By Les Wallace, PhD
Overall most boards do a good job overseeing financial performance. Most also monitor customer performance such as total growth and customer satisfaction. Some boards look at organizational culture data during the year. Others do broader brand tracking. Much of the “fiduciary” part of board success is how intensely and timely boards monitor these and other “key performance indicators.” As you consider how your board may be performing on this “fiduciary” oversight responsibility you might wish to think more broadly about tracking “KPIs.”
CU financial performance is so completely reviewed by the regulators that you’re certain to have adequate up-to-date data on performance. More advanced boards are putting the business “key performance indicators” into a dashboard format color coded for easy viewing. A dashboard can be quickly scanned and the board can parse exactly where they wish to have discussion. The balanced scorecard literature suggests seven indicators per dashboard.
Satisfaction is the level of customer / constituent “smile” relative to our products, services and functions. “Value” answers the question “do I get what I believe I need” in access, appropriateness of products and acceptability of offerings. “Speed” of service can be both a satisfaction issue and a value issue if you don’t meet contemporary standards for timeliness. What questions are you asking and tracking regarding your constituent’s value interests? These should most likely be tracked 2-4 times a year rather than only annually—in today’s business environment customer values are constantly on the move.
Yes, we all have strategic plans. But do we have metrics providing feedback about progress that we track at least quarterly: setbacks, course changes, accomplishments, etc.? Growth, merger /partnership activity, IT conversions, new product rollouts all have calendars and progress expectations. Create a set of metrics around each strategy: completion level, measured impact as you go, budget alignment, etc. And don’t stop when the new product or service is rolled out—its strategic (e.g. partnering with a new organization, opening up services to a new market segment) so keep tracking performance metrics to see if the new suite of services is meeting your expectations for growth and diversification.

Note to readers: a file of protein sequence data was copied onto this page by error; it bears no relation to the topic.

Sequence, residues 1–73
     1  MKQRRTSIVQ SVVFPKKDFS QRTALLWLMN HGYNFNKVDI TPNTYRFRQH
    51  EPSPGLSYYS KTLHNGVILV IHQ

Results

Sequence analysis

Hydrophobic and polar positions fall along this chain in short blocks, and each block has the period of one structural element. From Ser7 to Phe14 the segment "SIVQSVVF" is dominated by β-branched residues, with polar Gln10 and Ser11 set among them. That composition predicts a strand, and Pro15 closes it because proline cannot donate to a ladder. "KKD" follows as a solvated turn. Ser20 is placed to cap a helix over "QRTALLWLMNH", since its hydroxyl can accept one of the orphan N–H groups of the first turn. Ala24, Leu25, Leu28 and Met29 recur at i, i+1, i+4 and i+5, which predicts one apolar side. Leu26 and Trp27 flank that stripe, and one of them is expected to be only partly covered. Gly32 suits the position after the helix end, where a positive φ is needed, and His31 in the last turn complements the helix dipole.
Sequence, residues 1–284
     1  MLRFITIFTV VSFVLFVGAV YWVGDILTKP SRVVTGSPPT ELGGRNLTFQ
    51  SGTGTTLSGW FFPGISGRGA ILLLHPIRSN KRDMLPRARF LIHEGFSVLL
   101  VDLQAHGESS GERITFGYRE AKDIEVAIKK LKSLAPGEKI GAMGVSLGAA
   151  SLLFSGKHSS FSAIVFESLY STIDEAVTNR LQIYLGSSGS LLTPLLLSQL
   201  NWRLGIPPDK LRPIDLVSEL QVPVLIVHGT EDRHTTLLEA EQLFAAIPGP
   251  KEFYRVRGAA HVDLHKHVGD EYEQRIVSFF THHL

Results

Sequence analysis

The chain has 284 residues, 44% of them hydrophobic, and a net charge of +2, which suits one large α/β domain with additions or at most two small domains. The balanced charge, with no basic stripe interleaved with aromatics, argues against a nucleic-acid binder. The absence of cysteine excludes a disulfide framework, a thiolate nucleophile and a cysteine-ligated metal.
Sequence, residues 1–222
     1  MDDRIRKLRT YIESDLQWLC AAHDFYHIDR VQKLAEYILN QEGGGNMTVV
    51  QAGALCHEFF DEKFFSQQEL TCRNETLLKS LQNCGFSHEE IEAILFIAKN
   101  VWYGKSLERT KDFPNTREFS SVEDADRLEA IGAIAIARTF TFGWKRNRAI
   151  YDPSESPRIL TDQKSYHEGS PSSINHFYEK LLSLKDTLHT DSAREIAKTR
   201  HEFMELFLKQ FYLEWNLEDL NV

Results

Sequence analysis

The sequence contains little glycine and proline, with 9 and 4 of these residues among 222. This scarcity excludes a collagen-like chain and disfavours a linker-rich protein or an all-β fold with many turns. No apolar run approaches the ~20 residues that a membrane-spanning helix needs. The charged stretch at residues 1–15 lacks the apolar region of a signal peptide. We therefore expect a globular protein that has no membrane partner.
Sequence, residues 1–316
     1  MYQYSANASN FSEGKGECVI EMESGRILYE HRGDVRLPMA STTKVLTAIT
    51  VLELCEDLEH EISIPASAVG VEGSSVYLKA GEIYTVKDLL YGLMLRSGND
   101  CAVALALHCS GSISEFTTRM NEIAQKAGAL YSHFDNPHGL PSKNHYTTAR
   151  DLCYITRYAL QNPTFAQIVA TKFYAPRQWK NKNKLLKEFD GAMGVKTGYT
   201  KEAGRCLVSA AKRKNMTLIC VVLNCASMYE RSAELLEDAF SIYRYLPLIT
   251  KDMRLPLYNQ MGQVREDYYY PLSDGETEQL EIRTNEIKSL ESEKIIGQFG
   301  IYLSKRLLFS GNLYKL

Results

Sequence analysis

I have one CU client that regularly conducts random surveys of their community and asks, “If your partner / service provider was not available to you, with whom would you reach out?” This gives them a peek into the business environment thinking about brands of similar services in their area. Do your customer surveys include some “brand” validation questions to confirm that perception matches what the board has defined your brand to be? And don’t forget to pay attention to the social media chitchat regarding your business domain and your organization specifically.
Few boards track metrics on organizational culture and if they do it’s likely a once a year employee survey. What are the characteristics the board expects of your organizational culture? Highly engaged employees? Substantial investments in training? Career planning for all? Innovation? Take the elements of culture your board expects and create quarterly metrics to track how you’re doing. You don’t need to survey every employee every time to get a sense of how culture is operating. Random samples each quarter with possibly a corporate wide survey every two years may be sufficient. A good sign all the culture pistons are firing in sync is the employee’s answer to one question: “The organization assures I can be successful at my work.” You might find the following short article in this section helpful: “The Board and Organizational Culture”
Innovation / quality improvement